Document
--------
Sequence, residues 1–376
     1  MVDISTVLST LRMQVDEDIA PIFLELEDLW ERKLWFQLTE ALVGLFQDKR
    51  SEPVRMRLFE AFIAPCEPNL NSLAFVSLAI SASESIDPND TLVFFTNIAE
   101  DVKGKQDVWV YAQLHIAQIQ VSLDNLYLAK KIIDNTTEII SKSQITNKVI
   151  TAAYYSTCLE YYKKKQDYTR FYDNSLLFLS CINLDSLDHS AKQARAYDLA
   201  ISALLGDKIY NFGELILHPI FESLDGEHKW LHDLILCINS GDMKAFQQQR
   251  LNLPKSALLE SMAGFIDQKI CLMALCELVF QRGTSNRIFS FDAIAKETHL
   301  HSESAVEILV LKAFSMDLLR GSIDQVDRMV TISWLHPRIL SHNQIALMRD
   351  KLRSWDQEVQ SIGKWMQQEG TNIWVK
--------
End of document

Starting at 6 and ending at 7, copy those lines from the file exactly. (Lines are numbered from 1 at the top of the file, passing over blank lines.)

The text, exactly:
   201  ISALLGDKIY NFGELILHPI FESLDGEHKW LHDLILCINS GDMKAFQQQR
   251  LNLPKSALLE SMAGFIDQKI CLMALCELVF QRGTSNRIFS FDAIAKETHL